My head is in the clouds today; both figuratively and somewhat literally. On one hand, I have a rather nasty head cold I picked up from my 6-year-old daughter. (Cold medicine is interesting with coffee.) On the other, I’m working in the cloud right now.

As many regular Banyan Hill readers know, I work remotely from the Cincinnati, Ohio, region. Meanwhile, Banyan Hill’s home office is in Delray Beach, Florida.

My working arrangement is only possible because of the cloud. It allows my children to go to the school they have always attended, and my wife to maintain her teaching position of more than 20 years.

Without the cloud, my family would have been uprooted and moved to South Florida years ago.

But it goes further than that. I have been working in the cloud since 2011. Back then, I struck out on my own and started writing for various online and print financial publications, none of which were in the Cincinnati area.

My story is not unique. Millions of millennials have taken the same path toward employment. They work remotely providing a variety of services, all of which are facilitated by large data centers located around the globe — i.e., the cloud.

This is the new jobs marketplace. One that is no longer 9 to 5. (Sorry, Dolly Parton.) One that no longer requires a daily commute to work, or a cubicle desk under halogen bulbs.

Millennials’ desire for workplace mobility is one of the reasons my colleague Paul is a huge fan of the cloud sector. Today, I’m going to highlight my own cloud company … one that has “takeover target” written all over it.

Cloud Computing Upstart

Dropbox Inc. (Nasdaq: DBX) is a hot commodity in the world of cloud computing. The company’s platform allows individuals, teams and organizations to create and share content online. It has been around since 2007, but only went public this March.

During its time as a private company, Dropbox gained a considerable following for its cloud storage service. It was among the few such services with a free storage option. You could upgrade your storage space for a subscription fee.

To this day, I only know one person who actively uses Dropbox: my colleague Ted Bauman. Ted is Banyan Hill’s digital security expert, so that should tell you something right there.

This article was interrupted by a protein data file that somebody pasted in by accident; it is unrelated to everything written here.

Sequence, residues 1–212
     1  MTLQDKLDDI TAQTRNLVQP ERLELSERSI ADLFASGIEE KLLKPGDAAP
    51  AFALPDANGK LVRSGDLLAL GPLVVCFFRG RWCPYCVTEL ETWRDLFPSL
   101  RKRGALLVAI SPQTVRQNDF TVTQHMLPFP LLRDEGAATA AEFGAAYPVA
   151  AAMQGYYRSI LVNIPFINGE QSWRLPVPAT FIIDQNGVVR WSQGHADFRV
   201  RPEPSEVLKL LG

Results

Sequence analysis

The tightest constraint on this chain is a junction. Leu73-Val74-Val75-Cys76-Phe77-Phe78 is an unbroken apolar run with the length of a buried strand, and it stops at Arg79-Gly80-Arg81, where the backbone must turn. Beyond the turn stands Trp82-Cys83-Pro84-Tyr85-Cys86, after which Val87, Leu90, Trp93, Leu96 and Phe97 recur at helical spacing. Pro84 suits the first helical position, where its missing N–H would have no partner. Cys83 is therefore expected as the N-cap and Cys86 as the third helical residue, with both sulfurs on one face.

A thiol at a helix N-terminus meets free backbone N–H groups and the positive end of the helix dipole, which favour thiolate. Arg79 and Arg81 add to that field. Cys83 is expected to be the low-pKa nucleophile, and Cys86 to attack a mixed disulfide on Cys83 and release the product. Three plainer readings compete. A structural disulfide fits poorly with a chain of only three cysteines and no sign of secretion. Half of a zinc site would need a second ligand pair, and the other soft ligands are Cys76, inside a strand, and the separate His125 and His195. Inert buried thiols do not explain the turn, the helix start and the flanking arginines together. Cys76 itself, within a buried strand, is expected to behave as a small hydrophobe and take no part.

In fact, Dropbox was among those companies that wrote a brief for the Supreme Court in a recent mobile privacy case. The company urged the court to rethink its views on when people have a reasonable expectation of privacy.

The result of that Supreme Court case was in favor of privacy, telling law enforcement departments that they needed a warrant to obtain mobile phone location data.

“This case is not about ‘using a phone’ or a person’s movement at a particular time,” Chief Justice John Roberts wrote. “It is about a detailed chronicle of a person’s physical presence compiled every day, every moment, over several years.”

This ruling bodes well for companies like Dropbox, which handle massive amounts of data from both private and corporate customers.

The Digital Workforce Takeover Target

With a focus on privacy and a wealth of customers already using the service, Dropbox quickly became the subject of takeover speculation after going public in March. Just before Dropbox went public, it announced a partnership with Inc. (NYSE: CRM).

That partnership opened the doors to creating Dropbox folders within Salesforce’s cloud ecosystem. The pair has also integrated Dropbox with Quip, Salesforce’s workflow tool.

This cozy relationship has sparked rumors that Salesforce could acquire the cloud-storage specialist. After all, Salesforce already owns 6.45% of Dropbox, according to FactSet data. Salesforce also bought about 4.9 million DBX shares in the first quarter.

But Salesforce isn’t the only potential suitor. Barclays speculated back in February that Apple should buy Dropbox to push iCloud as a corporate competitor to services from Microsoft, Alphabet and Box Inc. (NYSE: BOX).

Just one look at DBX stock’s recent price action will tell you how interested the market is in a Dropbox acquisition.

Dropbox BOX Stock Graph

That spike to $43.50 in the chart above likely occurred due to rumors that Salesforce was finally going to make a move. Neither company commented on the speculation, and DBX stock returned to its previous trading range. Well, almost its previous range.

The stock has now found support near $32, which was previously the upper rail of DBX’s sideways trend channel. DBX stock also respected its emerging 50-day moving average, and rebounded sharply higher following this week’s test. In short, this indicates a wealth of buying power in the market for DBX.

Investors are buying pullbacks and ready to run on any acquisition rumor. This means quite a bit of upside volatility, but it also means that investors are willing to step in and buy any dip in DBX stock.

On its own, Dropbox is a solid cloud company with an excellent privacy record and a loyal customer following. The shares are certainly a long-term buy on Dropbox’s business model alone. Add in the fact that someone is likely to buy out the company within the next year, and DBX stock could be the surprise profit generator your portfolio has been looking for.

Until next time, good trading!


Joseph Hargett

Joseph Hargett

Assistant Managing Editor, Banyan Hill Publishing